The Surreal Gardener: Edward James & the Making of Las Pozas

Words by
Sally Wilson
Images by
Sally Wilson
| June 3, 2015

On paper it reads like a lost Wes Anderson script: an eccentric English millionaire poet – and self-professed illegitimate grandson of a king – flees England to Mexico via Hollywood in the 1940s, as war rages through Europe and his marriage to a promiscuous ballet dancer crumbles in divorce. Cast-off, he befriends a handsome Mexican postmaster and the two embark on a journey through Mexico in search of wild orchids and land on which to build a fantastical Garden of Eden. Welcome to Las Pozas: the real-life garden of Edward James in Xilitla, San Luis Potosi.

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Las Pozas, or the Pools, is a sprawling sculpture garden built within an abandoned, eighty-acre coffee plantation deep in the Huastecan jungle. It bears some resemblance to a splintered M.C. Escher drawing – thrown by the handful into the dense mountainside and then left for years to its own devices. The mastermind behind it was Edward James, a smiling, wide-eyed English aristocrat with a shock of white hair, who travelled the world for most of his lifetime dodging taxes, making friends of surrealists, and acquiring artworks, houses, hotel suites and exotic animals on his way. Las Pozas was first a refuge for Don Eduardo, as the locals called him, and later the site for his ultimate expression of life and eccentricity.

If I ask my heart and conscious the incentive behind building a tower, I have to admit it was just pure megalomania,” he said of his garden.

Something like Las Pozas is only built once in our history, and wouldn’t exist but for the esoteric union of a series of one-off conditions: the personality of Edward James; his immense, inherited wealth; his close relationship with the Surrealist movement, including the likes of Salvador Dali, Rene Magritte and Leonora Carrington; the architectural freedom which Mexico offered at the time absent a strict building code; the wild fertility and remoteness of the jungle; and chance meetings with people who could actually help him to pull the whole thing off – Plutarco Gastelum, postmaster, chief amongst them.

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Edward first arrived in Xilitla in 1945 with his secretary, Carl, and Plutarco as his guide. He’d discovered Plutarco in a post office south of Mexico City only months earlier and plucked him from his routine work there with the lure of adventure and money.

Edward had grown up in unique circumstances in England, on a vast estate called West Dean, and was heir to a railroad and steel fortune, which he applied generously towards publishing poetry, buying art and gardening. Plutarco had the looks of an Aztec king and was an ordered, logical soul capable of both balancing and enabling Edward’s giddy visions. The two became close friends from the get-go.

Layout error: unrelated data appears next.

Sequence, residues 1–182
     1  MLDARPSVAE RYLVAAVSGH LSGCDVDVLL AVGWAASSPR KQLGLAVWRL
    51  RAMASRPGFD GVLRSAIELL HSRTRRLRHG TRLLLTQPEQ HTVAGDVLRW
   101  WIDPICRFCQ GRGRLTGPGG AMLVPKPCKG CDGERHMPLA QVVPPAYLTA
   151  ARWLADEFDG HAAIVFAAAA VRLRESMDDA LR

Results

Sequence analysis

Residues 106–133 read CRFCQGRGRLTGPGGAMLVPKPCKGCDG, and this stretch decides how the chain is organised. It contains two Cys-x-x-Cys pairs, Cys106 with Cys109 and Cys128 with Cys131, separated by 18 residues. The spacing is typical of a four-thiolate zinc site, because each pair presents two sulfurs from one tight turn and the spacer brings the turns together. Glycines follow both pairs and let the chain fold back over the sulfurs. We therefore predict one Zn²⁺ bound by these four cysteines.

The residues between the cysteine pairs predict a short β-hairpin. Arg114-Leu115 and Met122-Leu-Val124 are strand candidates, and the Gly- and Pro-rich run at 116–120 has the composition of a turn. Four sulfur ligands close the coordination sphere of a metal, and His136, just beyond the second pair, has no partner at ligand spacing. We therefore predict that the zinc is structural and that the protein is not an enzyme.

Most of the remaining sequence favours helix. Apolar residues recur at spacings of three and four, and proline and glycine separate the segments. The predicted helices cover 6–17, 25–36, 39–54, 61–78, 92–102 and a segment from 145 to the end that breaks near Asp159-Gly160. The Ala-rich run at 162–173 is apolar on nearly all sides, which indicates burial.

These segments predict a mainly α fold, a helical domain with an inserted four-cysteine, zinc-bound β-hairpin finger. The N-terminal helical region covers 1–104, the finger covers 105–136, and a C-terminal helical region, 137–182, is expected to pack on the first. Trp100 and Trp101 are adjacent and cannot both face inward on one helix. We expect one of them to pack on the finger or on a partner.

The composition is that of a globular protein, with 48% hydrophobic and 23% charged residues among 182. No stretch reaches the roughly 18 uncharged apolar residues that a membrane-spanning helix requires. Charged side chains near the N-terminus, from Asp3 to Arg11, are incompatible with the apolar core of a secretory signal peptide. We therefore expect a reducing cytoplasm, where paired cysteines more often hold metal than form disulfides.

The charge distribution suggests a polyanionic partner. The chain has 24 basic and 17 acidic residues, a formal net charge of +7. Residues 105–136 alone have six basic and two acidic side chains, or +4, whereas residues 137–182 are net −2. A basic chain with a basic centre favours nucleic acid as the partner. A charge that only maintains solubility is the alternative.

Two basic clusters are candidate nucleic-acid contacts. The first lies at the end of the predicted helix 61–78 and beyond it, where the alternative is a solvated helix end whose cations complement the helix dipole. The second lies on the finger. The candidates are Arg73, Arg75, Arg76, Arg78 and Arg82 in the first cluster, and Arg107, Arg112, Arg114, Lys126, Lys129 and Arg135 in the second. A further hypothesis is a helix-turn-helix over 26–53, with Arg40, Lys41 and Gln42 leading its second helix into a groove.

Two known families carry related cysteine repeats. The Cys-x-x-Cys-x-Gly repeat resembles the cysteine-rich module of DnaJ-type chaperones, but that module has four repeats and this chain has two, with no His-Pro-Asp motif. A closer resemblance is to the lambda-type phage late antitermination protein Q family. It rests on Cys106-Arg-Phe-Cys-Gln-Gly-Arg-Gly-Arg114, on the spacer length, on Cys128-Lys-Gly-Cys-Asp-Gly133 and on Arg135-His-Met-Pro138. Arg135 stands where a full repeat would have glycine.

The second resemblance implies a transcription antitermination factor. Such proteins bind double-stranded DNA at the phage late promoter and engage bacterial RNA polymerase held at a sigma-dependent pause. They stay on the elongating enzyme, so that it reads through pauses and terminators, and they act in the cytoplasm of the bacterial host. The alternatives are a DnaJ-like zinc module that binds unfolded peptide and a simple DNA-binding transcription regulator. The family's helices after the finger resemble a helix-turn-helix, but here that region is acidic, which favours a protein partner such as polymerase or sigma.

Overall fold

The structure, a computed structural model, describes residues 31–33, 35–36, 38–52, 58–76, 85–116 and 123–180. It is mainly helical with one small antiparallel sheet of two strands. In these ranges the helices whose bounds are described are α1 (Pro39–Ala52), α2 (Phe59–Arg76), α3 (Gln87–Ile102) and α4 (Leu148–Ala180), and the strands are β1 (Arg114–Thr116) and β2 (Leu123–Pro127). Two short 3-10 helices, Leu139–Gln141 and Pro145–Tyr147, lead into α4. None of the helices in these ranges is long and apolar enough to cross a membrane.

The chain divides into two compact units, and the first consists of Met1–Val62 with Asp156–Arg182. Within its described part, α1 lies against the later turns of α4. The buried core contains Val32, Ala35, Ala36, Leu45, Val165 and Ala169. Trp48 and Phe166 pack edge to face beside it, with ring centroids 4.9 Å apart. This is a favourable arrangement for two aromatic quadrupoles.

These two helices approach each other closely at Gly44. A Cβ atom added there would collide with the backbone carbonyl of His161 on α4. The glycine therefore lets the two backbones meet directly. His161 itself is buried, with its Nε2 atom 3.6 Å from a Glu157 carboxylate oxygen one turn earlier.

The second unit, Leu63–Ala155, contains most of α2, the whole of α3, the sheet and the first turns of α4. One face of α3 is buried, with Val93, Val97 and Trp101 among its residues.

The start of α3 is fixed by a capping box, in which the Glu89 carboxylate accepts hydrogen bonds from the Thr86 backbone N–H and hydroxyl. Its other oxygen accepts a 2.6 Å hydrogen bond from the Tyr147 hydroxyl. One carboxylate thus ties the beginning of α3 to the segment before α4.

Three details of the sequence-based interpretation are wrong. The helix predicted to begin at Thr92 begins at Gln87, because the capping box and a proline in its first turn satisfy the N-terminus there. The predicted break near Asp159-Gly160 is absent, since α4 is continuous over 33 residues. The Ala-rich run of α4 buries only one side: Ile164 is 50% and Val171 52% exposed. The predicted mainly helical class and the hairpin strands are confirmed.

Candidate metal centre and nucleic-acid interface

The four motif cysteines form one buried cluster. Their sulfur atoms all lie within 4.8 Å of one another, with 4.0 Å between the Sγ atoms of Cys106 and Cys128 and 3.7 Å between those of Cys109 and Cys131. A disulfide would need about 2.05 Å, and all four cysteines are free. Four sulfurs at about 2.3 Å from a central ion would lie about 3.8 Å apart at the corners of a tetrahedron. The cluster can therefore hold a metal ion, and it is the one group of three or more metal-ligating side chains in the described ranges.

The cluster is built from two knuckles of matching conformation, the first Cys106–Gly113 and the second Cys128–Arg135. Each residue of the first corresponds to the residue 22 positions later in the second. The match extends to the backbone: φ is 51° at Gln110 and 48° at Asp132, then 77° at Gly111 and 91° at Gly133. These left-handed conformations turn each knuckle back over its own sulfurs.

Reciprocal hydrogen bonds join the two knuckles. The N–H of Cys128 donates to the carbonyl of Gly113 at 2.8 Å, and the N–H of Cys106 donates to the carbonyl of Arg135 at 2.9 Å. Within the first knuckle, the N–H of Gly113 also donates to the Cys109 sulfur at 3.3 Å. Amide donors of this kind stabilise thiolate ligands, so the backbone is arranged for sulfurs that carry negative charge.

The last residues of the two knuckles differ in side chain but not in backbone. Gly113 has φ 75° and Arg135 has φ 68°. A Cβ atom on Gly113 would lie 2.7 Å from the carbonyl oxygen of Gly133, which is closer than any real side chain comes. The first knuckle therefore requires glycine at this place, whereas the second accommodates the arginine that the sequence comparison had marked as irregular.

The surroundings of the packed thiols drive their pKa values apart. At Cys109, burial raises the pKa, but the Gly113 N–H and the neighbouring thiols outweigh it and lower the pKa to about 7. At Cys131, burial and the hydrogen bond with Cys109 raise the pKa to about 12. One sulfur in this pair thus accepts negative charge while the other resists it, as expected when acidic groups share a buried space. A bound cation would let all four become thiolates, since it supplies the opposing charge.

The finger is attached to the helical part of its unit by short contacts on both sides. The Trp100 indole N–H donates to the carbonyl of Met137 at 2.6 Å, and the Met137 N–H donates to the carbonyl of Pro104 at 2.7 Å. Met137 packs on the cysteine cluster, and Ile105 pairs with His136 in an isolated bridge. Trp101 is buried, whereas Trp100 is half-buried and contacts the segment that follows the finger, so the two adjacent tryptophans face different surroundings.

It was destiny that steered Edward towards Xilitla in search of land for his greatest act of gardening and creation. He’d been told of wild orchids growing in that part of the Huastecan wilderness, and was intent on seeing them in flower.

What met him on arrival matched in exoticness his own loose troop: there they were, two foreigners and a Mexican postman driving a luxury Packard through the middle of supernaturally green jungle, teetered recklessly on a mountainside.

The air in Xilitla was humid, and blessed with a cosmic quality, giving over the feeling of paradise, rigour and possibility. If anything, Edward James had finally arrived home in one of the most botanically diverse and inaccessible parts of Mexico.

His initial project in Xilitla was the construction of a refuge for himself and 20,000 rare and exotic orchids, on a plot of land that he bought just outside town in Plutarco’s name. Several good seasons of flowers were followed by a freakish, one-off snowfall that razed the orchids overnight, and Edward in retaliation shifted his attentions towards the creation of something more permanent. From the 1960s and into the early 80s he and Plutarco worked with a revolving team of local builders and master craftsman on a surrealist playground of towering sculptures. It was a ready-made ruin of sorts, heralding a civilisation that never did exist – and for which Edward was the mystical Wizard of Oz figurehead.

PS. Stay tuned for the second instalment of this fascinating story later this month.

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